My 5 favourite memories at Christmas
“It’s Christmas time, there’s no need to be afraid. At Christmas time, we let in light and we banish shade…” and in my world of disability, it’s full of wheelchairs, blurred vision, love and laughter.
I’m Emma Purcell, a 24 year old woman living in Alton, Hampshire. I have quadriplegic cerebral palsy and registered blind. I’m the blogger of Rock For Disability, a writer at Disability Horizons, a content advisor at Muscular Dystrophy UK, the Hampshire Champion at AccessAble and graduated with a BA (Hons) in Journalism from the University for the Creative Arts.
Despite the challenges I face with my disabilities on a daily basis, I’ve grown up with fond and happy memories at Christmas time that I will treasure forever. Here are my 5 favourite Christmas memories:
1. Festive fancy dress
When I was aged 7, we had a fancy dress day on the last week of school before the Christmas holidays. I decided to be extra creative and take advantage of my wheelchair. I dressed up as Santa Clause with my wheelchair turning into his sleigh. Everyone thought it was brilliant that I even got awarded best costume in my year group. This proves that having wheelchair does have its benefits at times!
2. Sending & receiving Christmas cards
At primary school, before I begun to lose my vision, I used to love writing out Christmas cards to all my classmates and teachers and receiving them. We had a post box in the school hall and they would be delivered to us in class. The most amusing thing was the number of children who spelt my name wrong. I had “Ema”, “Emmar”, “Emer”, “Persil”, “Percel”, “Pursell” plus many more. The best thing was I went to a mainstream school and nobody judged me because of my disability and I had plenty of friends to share the festive occasion with.
3. A family reunion in Scotland
In 2009, my parents, brother and I travelled up to Scotland to visit our extended family. We rented an accessible cottage near Edinburgh which had a downstairs bedroom, hoist and wet-room. Because of the distance and the amount of personal care I require, we don’t get to visit family often but it was lovely to spend time with my grandparents, uncles and cousins all at once and enjoy Christmas together.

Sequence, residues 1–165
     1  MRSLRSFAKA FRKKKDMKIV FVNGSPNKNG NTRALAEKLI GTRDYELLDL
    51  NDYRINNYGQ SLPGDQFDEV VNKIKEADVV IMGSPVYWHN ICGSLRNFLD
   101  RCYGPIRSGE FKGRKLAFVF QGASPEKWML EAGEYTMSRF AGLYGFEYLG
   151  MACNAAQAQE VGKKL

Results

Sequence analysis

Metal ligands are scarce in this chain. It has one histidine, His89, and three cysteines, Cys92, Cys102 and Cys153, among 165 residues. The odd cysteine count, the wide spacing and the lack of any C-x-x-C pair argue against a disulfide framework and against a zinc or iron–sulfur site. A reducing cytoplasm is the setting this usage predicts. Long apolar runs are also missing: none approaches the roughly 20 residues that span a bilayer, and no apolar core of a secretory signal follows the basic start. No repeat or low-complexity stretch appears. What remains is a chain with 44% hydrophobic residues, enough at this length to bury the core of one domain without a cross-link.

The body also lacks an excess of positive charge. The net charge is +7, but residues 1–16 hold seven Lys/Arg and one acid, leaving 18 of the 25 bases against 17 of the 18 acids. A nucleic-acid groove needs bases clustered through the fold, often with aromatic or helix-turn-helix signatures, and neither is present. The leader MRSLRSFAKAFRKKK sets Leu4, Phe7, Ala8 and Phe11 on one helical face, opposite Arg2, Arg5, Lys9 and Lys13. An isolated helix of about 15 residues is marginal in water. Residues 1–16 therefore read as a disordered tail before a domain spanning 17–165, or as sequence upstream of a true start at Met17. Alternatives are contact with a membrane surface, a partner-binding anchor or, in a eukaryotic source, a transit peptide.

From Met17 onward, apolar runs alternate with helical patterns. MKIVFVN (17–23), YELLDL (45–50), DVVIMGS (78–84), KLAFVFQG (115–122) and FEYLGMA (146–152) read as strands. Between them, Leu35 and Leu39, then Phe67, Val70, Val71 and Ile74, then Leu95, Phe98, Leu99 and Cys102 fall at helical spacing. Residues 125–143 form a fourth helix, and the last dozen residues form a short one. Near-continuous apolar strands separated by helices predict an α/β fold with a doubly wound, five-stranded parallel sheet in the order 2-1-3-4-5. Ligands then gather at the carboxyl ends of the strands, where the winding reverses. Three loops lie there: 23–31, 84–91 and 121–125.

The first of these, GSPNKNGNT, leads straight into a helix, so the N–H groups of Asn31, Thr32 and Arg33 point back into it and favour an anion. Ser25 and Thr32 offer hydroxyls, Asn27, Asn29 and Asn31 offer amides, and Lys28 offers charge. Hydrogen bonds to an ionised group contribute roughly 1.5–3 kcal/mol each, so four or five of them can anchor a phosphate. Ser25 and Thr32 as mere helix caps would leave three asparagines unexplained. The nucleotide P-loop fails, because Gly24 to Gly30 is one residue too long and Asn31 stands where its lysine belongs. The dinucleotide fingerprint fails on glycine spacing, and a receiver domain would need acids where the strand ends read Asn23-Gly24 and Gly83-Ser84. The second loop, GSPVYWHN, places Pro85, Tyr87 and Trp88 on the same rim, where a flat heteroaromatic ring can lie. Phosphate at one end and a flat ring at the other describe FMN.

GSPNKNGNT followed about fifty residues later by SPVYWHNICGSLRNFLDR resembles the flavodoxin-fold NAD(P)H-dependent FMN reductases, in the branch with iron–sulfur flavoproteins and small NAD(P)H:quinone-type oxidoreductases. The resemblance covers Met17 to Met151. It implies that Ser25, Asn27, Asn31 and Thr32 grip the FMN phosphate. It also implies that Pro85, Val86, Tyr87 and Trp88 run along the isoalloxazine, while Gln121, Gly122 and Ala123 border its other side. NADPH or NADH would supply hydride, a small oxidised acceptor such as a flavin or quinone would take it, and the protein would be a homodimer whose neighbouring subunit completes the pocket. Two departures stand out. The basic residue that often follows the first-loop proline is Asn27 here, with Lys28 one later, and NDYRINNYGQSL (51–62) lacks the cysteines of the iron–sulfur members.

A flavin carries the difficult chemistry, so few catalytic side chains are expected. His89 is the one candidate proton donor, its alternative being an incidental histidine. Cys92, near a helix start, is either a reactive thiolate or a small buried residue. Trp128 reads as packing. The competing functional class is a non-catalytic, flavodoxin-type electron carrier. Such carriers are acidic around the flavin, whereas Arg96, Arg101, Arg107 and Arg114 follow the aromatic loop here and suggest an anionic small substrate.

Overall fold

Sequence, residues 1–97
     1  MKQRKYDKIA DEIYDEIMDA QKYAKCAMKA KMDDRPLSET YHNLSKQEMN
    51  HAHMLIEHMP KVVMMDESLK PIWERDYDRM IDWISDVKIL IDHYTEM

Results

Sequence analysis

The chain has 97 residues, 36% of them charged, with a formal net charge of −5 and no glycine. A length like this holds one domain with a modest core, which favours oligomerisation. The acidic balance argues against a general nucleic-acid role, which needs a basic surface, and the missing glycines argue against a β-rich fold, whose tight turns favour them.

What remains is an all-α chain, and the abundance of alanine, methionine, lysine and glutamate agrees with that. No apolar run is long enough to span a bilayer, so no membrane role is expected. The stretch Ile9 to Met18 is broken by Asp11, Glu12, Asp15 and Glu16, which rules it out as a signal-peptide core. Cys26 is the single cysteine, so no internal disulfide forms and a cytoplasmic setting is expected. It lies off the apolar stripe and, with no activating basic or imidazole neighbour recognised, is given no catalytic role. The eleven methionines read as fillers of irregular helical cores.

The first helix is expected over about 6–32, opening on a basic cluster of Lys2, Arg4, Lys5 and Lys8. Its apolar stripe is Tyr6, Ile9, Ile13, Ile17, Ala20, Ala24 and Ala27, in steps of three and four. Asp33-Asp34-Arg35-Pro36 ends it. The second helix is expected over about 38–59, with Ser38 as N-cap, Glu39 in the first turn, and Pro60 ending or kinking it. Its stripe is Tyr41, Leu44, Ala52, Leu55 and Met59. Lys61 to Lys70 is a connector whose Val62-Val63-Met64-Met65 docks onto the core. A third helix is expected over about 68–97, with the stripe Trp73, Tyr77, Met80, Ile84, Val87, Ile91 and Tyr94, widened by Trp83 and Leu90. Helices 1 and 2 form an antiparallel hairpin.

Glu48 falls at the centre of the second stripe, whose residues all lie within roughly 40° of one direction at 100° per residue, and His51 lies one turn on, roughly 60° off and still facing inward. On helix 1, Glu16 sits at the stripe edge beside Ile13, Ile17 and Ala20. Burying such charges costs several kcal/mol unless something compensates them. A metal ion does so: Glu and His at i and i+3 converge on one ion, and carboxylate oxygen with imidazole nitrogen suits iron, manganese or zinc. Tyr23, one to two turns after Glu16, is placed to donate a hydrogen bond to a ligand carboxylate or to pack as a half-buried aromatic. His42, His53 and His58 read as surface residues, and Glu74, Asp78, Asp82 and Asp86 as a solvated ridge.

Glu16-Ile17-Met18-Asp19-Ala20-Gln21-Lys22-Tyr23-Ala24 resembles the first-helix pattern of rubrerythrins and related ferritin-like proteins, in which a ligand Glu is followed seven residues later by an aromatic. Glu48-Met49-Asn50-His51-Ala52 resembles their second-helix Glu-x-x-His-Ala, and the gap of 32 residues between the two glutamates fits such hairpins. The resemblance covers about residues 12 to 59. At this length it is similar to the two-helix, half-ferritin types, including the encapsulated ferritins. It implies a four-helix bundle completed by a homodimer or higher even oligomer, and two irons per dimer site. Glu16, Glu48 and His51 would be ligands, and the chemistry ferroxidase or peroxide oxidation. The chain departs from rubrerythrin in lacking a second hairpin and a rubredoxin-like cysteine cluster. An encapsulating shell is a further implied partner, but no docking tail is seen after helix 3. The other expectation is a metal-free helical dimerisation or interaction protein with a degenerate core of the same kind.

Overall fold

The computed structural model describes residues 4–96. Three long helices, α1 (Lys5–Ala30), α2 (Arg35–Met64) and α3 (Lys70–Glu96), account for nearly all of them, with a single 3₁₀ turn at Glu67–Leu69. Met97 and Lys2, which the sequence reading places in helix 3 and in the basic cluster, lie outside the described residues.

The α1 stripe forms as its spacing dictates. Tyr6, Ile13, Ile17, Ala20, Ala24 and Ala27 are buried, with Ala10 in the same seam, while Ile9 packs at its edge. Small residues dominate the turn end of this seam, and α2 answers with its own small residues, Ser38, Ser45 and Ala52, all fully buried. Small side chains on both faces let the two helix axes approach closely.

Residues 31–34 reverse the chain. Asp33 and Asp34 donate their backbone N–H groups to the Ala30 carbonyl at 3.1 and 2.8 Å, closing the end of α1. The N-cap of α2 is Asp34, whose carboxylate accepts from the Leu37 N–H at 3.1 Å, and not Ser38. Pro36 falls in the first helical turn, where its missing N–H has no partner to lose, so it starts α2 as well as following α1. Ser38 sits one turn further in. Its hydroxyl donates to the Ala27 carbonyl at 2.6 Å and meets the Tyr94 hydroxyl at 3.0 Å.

4. Baking Christmas truffles
A Christmas tradition my Mum and I do every year is bake chocolate truffles. They are small rich chocolate treats made of digestive biscuits, coconuts and, of course, chocolate. I enjoy breaking up the digestive biscuits with a rolling pin and sprinkling the chocolate & coconut sprinkles over the truffle balls. It’s a fun activity to do whether you’re a child or an adult and something anyone of any ability can get involved in.
5. A one dollar ticket to the magic kingdom
My all time favourite Christmas memory has to be the 25th December 2003. We had finished opening all our presents when we discovered two envelopes in the Christmas tree. My brother and I opened them and found a dollar bill inside from Dad’s best friend. My first thought was that he was making a joke as he was known to prank us before. Our parents were sure that this wasn’t a prank and brought out a videotape. They put the video into the VCR and played it. It was a promo video for Disney World Florida. It then clicked that we were actually going to Florida on holiday next year. We were absolutely ecstatic and it was the greatest surprise I’ve ever had to date. We travelled to Florida in February 2004 and it had outstanding accessibility and is still the best holiday I’ve ever had!
So they are 5 of my favourite memories at Christmas. To see an extended list of my favourite memories, please check out my blog post at Rock For Disability which will go live on 21st December 2018.
What are your favourite Christmas memories? Please share your stories in the comments or on social media!
Thank you for reading and Merry Christmas to you all!